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Vaidya Rudra Dutt Vs. Smt. Teeja - Court Judgment

LegalCrystal Citation
SubjectCivil
CourtRajasthan High Court
Decided On
Case NumberCivil Revn. Appln. No. 251 of 1971
Judge
Reported inAIR1972Raj141; 1971(4)WLN676
ActsCode of Civil Procedure (CPC) , 1908 - Sections 115
AppellantVaidya Rudra Dutt
RespondentSmt. Teeja
Appellant Advocate N.L. Tibrewal, Adv.
Respondent Advocate N.M. Kasliwal, Adv.
DispositionApplication allowed
Cases ReferredIn S. S. Khanna v. F. J. Dillon
Excerpt:
.....and is not restricted by anything contained in the secion to the entirely of the proceeding in a civil court.';having regard to the above view the present in a case decided. with the remitting of the above issue for decision to the trial court one stage of the interlocutory proceeding before the appellate court was concluded. - .....an issue or a part of a suit or proceeding and therefore the order on an issue or a part of a suit orproceeding is not a 'case which has been decided', and the high court has no power in exercise of its revisional jurisdiction to correct an error in an interlocutory order. an analysis of the cases decided by the high courts--their number is legion--would serve no useful purpose. in every high court from time to time opinion has fluctuated. the meaning of the expression 'case' must be sought in the nature of the jurisdiction conferred by section 115, and the purpose for which the high courts were invested with it. .................... the expression 'case' is a word of comprehensive import: it includes civil proceedings other than suits, and is not restricted by anything contained.....
Judgment:
ORDER

Jagat Narayan, C.J.

1. This is a revision application by the plaintiff against an appellate order of the Civil Judge, Jaipur City, framing an issue to the effect whether the defendant was not a defaulter in the payment of rent as the same was offered and tendered by her to the plaintiff, and remitting it for trial to the lower Court under Order 41, Rule 25, C. P. C.

2. The plaintiff brought a suit for ejectment inter alia on the ground of default. The defence of the defendant on the ground of default was struck off by the trial Court as in its opinion there was default in making payments in accordance with Section 13 (4). The suit for eviction was accordingly decreed. On appeal the appellate Court framed the above issue following the decision in Vishwanath Singh v. Gopilal, 1970 Raj LW 223. That decision has since been overruled by a Division Bench of this Court in Saligram v. Narot-tamlal, 1971 WLN 118 = (AIR 1972 Raj 127) with the result that the above issue no longer arises.

3. On behalf of the defendant it is contended that it is not a case decided. Reliance is placed on the decision in Bir Indra Bikram Singh v. Raghubar Dayal, AIR 1935 Oudh 333. No reason for the view taken in that case has been given in the decision. In S. S. Khanna v. F. J. Dillon, AIR 1964 SC 497 it was observed as follows:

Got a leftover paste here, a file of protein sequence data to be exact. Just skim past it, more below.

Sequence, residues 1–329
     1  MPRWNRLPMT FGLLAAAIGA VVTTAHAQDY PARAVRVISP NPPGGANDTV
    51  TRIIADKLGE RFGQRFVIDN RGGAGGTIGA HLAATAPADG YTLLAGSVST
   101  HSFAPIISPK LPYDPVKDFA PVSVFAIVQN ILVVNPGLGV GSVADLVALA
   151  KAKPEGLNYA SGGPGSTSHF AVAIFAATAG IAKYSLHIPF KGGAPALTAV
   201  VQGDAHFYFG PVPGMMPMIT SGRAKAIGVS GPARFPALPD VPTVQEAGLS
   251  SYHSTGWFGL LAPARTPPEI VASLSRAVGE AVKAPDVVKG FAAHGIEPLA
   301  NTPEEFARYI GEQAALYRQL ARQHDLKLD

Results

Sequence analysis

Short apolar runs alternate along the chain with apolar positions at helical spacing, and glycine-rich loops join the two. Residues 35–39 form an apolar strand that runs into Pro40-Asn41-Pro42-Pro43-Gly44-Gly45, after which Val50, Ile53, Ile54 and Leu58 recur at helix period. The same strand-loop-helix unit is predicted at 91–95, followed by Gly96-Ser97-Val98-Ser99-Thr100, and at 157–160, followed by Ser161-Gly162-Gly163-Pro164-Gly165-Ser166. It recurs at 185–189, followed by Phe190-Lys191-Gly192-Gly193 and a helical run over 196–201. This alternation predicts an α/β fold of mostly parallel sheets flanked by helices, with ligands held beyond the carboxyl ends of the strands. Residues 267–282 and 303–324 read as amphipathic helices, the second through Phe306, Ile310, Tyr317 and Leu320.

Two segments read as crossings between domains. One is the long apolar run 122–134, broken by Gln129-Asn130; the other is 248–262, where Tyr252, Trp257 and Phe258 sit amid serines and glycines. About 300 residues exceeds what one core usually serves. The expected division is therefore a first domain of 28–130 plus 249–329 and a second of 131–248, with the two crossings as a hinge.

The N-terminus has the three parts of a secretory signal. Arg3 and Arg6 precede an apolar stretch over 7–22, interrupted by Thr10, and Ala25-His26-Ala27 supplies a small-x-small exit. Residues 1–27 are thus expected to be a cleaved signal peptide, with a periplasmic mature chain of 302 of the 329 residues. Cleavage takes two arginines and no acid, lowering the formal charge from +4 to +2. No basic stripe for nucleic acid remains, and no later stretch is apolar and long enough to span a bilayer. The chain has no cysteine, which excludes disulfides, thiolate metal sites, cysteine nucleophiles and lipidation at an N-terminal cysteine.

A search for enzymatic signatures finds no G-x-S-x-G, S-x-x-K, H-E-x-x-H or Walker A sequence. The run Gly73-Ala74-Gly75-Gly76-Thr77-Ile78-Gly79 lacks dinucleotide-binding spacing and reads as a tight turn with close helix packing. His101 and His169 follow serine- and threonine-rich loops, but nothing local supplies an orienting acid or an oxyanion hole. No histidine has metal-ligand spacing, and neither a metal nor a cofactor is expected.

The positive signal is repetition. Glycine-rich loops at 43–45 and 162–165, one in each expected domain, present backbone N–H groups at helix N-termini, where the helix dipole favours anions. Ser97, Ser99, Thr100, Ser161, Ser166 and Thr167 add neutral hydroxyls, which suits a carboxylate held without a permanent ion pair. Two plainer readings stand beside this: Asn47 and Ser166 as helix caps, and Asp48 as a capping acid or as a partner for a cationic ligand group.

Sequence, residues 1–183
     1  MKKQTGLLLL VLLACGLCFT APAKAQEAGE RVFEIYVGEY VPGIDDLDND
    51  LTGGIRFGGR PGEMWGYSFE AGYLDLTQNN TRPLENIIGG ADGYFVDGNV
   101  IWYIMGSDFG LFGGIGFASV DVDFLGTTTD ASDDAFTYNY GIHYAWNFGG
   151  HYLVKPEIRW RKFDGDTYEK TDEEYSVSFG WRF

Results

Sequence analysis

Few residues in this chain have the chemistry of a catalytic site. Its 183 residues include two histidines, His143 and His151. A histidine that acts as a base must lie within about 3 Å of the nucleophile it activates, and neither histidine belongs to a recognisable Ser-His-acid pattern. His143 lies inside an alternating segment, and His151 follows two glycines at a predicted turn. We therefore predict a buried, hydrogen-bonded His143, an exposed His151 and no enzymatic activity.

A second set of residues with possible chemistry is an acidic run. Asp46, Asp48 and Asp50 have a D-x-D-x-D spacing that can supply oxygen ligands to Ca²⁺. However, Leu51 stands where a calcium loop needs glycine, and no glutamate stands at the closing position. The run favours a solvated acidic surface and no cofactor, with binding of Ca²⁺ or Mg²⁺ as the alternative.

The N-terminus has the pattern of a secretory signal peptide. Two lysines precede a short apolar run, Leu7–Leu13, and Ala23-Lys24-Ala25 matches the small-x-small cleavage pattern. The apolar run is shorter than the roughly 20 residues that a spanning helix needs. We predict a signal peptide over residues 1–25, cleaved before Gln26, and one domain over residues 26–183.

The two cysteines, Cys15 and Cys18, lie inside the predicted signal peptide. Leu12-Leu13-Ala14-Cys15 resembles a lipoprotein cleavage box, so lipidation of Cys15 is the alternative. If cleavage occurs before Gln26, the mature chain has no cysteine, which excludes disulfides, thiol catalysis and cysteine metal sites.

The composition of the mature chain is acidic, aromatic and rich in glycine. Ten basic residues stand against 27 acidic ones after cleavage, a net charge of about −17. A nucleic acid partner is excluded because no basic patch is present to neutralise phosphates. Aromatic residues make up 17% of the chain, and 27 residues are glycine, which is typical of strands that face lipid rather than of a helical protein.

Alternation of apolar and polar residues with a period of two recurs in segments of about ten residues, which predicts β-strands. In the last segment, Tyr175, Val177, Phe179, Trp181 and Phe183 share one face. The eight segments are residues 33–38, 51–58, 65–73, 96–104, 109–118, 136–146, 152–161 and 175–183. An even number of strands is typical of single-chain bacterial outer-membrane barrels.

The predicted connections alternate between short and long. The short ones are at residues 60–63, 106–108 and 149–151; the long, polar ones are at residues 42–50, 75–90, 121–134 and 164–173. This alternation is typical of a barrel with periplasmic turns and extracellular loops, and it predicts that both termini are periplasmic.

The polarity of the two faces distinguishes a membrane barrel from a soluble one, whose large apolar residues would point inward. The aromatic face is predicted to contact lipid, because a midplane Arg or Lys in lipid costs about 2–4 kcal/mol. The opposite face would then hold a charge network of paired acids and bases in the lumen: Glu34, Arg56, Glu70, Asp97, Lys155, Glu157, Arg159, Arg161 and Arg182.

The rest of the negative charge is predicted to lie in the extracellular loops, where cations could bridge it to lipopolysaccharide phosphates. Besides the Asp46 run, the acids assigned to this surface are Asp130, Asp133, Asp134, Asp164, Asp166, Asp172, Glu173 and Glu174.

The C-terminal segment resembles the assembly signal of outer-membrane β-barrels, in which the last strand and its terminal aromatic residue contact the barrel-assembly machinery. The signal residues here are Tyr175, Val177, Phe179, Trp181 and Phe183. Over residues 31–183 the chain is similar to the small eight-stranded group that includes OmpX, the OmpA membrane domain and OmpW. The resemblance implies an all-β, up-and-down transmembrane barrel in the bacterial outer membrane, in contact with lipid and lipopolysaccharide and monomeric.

'The expression 'case' is not defined in the Code, nor in the General Clauses Act. It is undoubtedly not restricted to a litigation in the nature of a suit in a Civil Court: ......it includes a proceeding in a CivilCourt in which the jurisdiction of the Court is invoked for the determination of some claim or right legally enforceable. On the question whether an order of a Court which does not finally dispose of the suit or proceeding amounts to a 'case which has been decided', there has arisen a serious conflict of opinion in the High Courts in India and the question has not been directly considered by this Court. One view which is accepted by a majority of the High Courts is that the expression 'case' includes an interlocutory proceeding relating to the rights and obligations of the parties, and the expression record of any case includes so much of the proceeding as relates to the order disposing of the interlocutory proceeding ........ The other view is that the expression 'case' does not include an issue or a part of a suit or proceeding and therefore the order on an issue or a part of a suit orproceeding is not a 'case which has been decided', and the High Court has no power in exercise of its revisional jurisdiction to correct an error in an interlocutory order. An analysis of the cases decided by the High Courts--their number is legion--would serve no useful purpose. In every High Court from time to time opinion has fluctuated. The meaning of the expression 'case' must be sought in the nature of the jurisdiction conferred by Section 115, and the purpose for which the High Courts were invested with it.

....................

The expression 'case' is a word of comprehensive import: it includes civil proceedings other than suits, and is not restricted by anything contained in the section tothe entirely of the proceeding in a civilCourt.'

Having regard to the above view the present is a case decided. With the remitting of the above issue for decision to the trial Court one stage of the interlocutory proceeding before the appellate Court was concluded.

4. I accordingly allow the revision application, set aside the order of the appellate Court framing the above issue and remitting it to the trial Court and remand the appeal to the appellate Court for rehearing and decision in accordance with law.


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